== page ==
Achieving computer vision for drug delivery events includes several steps: detecting a syringe, recognizing the text, measuring dose, and reporting the information back to the clinician and EMR.

Achieving computer vision for drug delivery events includes several steps: detecting a syringe, recognizing the text, measuring dose, and reporting the information back to the clinician and EMR.

Computer vision uses digital images in conjunction with powerful computing algorithms to analyze the visual world. This technology has frequently been associated with preventing accidents in self-driving cars or, most notably in medicine, with radiological breast screening exams, where they are at least equivalent to expert radiologists (Nature 2020;577:89-94). As these tools are constantly improving and becoming easier to implement, their utility across the hospital, including ICUs and the OR, is becoming more widespread, with the potential to improve patient care and safety while decreasing documentation burden for clinicians.

In the OR, some computer vision studies have focused on developing tools to assess the skill level of surgeons (Sci Rep 2021;11:5197). This is of importance not only for education and training but because skill level has been associated with patient outcomes (JAMA Surg 2020;155:590-8). For example, it is possible to separate surgeons into highly skilled and less skilled groups by applying a neural network to videos of laparoscopic surgeries with 87% accuracy. A neural network architecture mimics the neural architecture of the human brain, with a series of interconnected nodes that all have different weights. Through a training data set, machine learning algorithms assign weights to individual nodes and then update these weights by comparing the output from the algorithm to the training data set. After training is complete, the outcome is compared with a different testing data set to assess the algorithm's accuracy.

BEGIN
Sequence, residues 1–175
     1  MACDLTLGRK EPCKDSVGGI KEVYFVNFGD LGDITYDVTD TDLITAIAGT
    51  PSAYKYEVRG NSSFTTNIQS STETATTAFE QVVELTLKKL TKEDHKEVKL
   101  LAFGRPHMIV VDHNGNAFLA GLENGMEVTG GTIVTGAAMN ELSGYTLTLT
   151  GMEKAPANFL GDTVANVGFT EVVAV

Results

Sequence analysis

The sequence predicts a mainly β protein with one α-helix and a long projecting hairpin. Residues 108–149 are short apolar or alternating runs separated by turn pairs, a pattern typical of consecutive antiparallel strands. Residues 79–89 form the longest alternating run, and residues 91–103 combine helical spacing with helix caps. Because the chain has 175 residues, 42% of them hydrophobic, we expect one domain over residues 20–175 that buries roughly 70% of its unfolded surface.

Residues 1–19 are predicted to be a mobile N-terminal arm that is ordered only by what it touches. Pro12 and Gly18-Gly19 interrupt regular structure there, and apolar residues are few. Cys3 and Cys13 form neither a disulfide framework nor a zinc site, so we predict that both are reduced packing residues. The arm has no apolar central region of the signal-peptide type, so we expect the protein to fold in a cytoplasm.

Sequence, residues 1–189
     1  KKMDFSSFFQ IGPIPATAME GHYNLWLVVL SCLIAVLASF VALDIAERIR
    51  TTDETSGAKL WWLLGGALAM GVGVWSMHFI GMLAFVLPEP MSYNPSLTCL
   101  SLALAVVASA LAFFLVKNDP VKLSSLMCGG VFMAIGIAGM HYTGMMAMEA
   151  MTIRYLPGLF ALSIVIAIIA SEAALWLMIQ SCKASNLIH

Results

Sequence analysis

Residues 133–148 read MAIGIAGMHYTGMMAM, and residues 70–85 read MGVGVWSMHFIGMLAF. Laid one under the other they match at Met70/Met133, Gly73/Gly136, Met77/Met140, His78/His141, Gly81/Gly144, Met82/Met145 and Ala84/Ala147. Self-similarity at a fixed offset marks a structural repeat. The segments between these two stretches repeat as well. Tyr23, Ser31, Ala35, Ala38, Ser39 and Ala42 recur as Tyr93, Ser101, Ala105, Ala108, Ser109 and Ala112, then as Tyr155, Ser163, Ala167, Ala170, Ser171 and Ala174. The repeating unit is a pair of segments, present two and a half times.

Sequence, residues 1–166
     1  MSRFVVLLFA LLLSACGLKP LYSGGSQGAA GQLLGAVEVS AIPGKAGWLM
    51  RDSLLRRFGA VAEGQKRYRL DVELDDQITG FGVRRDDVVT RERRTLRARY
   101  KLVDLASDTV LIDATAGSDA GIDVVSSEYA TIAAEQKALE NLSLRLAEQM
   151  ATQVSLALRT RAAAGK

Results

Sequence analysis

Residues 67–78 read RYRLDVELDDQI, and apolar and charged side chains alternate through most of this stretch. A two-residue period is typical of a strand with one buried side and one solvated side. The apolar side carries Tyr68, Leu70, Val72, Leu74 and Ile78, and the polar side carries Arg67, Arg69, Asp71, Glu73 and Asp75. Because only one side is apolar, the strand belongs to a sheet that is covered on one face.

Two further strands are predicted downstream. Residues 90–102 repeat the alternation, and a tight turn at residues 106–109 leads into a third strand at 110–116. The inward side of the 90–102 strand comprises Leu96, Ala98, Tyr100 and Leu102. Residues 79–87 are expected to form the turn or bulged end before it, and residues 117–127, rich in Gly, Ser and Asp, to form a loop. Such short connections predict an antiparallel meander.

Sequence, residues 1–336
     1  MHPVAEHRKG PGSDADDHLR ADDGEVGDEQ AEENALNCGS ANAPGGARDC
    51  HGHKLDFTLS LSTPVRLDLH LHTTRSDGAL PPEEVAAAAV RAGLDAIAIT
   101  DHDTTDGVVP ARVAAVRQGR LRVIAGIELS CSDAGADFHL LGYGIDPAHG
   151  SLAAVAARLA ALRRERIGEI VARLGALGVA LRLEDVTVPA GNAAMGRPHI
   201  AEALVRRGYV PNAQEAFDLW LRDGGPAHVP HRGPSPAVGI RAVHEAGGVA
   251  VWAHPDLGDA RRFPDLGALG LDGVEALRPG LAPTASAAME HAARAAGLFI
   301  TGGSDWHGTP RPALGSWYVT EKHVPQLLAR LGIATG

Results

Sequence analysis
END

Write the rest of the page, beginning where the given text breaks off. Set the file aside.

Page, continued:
Looking beyond the visual field of the surgeon, larger room-based camera systems are being used to predict the current phase of patient care in an OR (Minim Invasive Ther Allied Technol 2019;28:82-90). From this information, there are a lot of potential benefits, from real-time personalized radiation dosimetry data for each team member, to automatically adjusting music volume during critical portions of the case, to predicting the remaining duration of surgery (IEEE Trans Med Imaging 2019;38:1069-78). This information could decrease patient wait times and prioritize instrument cleaning based on what is next needed across all ORs, minimizing delays.

These strategies are useful outside the OR in ICUs as well, where handwashing events can be characterized with greater than 95% accuracy (J Am Med Inform Assoc 2020;27:1316-20). The computer algorithm was equivalent in performance to a human observer, at a much lower cost over time when compared to a trained observer. Using depth cameras rather than traditional camera technology can preserve information about distance from the camera and the external shape of an object while also providing individual anonymity, a frequent concern in video- or image-based research on human behaviors.